Friday, 11 December 2020

Humans need rights


It must be a good ten years ago that one of my hiking companions, a staunch Conservative, said he was getting fed up hearing about people claiming their human rights.  To say I was astonished is putting it mildly.  I had thought that everybody accepted respect for human rights: that this was a given in a civilised democracy, just as all Americans are supposed do believe in motherhood and apple pie.

 I now realise that my companion was probably absorbing drip-feed from his favoured newspaper source, the Daily Mail. His and our  problem is that for most of we comfortable British, only very rarely does some misfortune affect us that requires us to appeal to our human rights.  

This, however, is not true of those who, for one reason or another, are pushed to the margins of society.  These include the disabled, the homeless, many of those relying on social security payments, all prisoners and particularly those  who die in custody, migrants, asylum seekers, those claiming they are victims of rape, our soldiers in wars and the enemies they face -  even terrorists.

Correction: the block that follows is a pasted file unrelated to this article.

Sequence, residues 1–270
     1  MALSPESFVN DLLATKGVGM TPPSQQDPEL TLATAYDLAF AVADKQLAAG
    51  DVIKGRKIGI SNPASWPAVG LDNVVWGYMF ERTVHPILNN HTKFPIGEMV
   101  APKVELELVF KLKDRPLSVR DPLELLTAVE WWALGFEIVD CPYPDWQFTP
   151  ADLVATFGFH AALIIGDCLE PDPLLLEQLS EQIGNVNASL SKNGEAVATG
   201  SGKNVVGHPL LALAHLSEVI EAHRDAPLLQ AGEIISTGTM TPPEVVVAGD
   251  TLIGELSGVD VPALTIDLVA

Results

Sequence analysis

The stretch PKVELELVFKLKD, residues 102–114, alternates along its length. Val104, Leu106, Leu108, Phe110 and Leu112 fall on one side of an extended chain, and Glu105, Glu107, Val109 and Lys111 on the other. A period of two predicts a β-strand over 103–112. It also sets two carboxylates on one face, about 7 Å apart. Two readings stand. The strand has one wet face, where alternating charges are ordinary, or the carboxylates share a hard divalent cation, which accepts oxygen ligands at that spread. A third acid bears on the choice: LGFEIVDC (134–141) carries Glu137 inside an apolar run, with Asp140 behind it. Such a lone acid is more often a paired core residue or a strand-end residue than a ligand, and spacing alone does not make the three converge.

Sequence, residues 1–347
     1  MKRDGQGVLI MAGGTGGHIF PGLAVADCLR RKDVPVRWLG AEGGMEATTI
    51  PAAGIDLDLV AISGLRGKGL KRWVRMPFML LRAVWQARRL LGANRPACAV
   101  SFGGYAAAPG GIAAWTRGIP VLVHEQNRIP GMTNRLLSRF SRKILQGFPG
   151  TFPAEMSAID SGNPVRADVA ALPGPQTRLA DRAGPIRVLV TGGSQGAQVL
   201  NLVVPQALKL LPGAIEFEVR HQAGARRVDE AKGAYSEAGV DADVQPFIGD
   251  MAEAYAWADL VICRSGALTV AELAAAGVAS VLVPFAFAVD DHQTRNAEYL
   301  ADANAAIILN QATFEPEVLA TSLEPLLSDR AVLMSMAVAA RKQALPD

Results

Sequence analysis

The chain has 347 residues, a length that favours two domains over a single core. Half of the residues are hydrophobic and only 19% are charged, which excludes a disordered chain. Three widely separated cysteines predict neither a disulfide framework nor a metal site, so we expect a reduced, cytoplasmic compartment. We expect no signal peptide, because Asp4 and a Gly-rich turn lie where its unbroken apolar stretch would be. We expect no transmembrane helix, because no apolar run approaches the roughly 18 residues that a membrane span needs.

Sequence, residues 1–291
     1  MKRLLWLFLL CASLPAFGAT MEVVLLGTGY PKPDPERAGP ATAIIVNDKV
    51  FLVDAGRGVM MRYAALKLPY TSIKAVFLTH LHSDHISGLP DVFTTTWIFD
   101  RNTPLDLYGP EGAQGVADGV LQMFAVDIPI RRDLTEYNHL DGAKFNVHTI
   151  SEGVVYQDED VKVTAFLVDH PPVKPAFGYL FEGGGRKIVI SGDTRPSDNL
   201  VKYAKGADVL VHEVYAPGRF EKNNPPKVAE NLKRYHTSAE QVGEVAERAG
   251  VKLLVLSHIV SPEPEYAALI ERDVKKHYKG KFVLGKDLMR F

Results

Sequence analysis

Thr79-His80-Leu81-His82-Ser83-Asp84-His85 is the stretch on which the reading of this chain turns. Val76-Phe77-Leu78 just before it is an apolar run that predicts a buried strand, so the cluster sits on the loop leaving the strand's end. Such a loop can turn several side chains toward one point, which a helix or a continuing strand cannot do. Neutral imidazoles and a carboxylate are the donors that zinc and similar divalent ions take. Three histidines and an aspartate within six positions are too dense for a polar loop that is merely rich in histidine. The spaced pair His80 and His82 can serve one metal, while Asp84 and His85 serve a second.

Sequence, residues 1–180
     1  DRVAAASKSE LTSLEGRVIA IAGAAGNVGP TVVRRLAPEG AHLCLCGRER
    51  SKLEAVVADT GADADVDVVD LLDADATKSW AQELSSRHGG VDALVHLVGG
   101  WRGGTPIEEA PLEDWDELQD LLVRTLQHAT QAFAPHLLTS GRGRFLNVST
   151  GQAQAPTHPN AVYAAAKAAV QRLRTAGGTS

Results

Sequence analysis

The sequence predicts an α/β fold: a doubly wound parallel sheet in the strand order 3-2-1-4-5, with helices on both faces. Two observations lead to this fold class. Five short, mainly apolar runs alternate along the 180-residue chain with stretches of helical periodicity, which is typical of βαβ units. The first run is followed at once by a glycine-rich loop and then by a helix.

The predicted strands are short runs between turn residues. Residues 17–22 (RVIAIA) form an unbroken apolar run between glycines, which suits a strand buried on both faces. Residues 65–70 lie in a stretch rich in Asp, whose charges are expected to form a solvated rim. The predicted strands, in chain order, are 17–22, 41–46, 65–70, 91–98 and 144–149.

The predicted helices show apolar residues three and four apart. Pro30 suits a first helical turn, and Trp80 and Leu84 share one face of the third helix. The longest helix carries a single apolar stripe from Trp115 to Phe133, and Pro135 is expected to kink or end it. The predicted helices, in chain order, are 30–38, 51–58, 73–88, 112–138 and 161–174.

Yesterday, 10th December, was World Human Rights Day because the United Nations passed the Universal Declaration of Human Rights  on that date in 1948.

The Labour Government in 1998 introduced the Human Rights Bill in the UK, which became operative in 2000.  Our present government is using this as an excuse for reviewing the "effectiveness" of the Act.

In particular the are concerned with the increasing use of Judicial Review, which allows the courts to decide whether or not such and such an act of the government is actually legal.  

Recent examples have been the attempt by the May Government to implement  Article 50 for leaving the EU without reference to parliament (it wasn't) and  the prorogation of parliament to "get Brexit done" without their scrutiny (that wasn't either, leading the the Daily Mail to describe the judges as "enemies of the people.")

 That the government (then the Crown) should obey the law was one of the principles of Magna Carta, first passed in 1215, on which matter we probably really were then world leaders.

 Attempts  to water down the Act diminishes us on the world stage and endangers some our  most vulnerable people.  These attempts  should be resisted vigorously.  

Those who would like to help should join  Liberty.


You can do so for as little as £1 per month.



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